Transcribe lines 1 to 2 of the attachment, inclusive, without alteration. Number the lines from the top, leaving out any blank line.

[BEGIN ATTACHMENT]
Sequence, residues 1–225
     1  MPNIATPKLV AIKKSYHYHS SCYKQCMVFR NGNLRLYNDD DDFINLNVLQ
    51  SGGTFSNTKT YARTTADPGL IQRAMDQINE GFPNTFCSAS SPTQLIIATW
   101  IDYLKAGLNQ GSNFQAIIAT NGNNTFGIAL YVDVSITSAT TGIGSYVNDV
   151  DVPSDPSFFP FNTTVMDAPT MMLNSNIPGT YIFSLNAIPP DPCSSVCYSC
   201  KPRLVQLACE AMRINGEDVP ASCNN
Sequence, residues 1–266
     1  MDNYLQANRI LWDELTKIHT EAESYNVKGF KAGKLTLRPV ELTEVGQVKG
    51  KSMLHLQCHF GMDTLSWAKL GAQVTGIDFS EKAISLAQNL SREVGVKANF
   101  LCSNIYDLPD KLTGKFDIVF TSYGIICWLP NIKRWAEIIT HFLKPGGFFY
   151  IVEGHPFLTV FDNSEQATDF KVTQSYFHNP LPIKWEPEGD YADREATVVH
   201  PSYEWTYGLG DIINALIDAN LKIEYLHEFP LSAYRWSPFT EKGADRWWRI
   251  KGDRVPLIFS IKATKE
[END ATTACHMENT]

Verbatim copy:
Sequence, residues 1–225
     1  MPNIATPKLV AIKKSYHYHS SCYKQCMVFR NGNLRLYNDD DDFINLNVLQ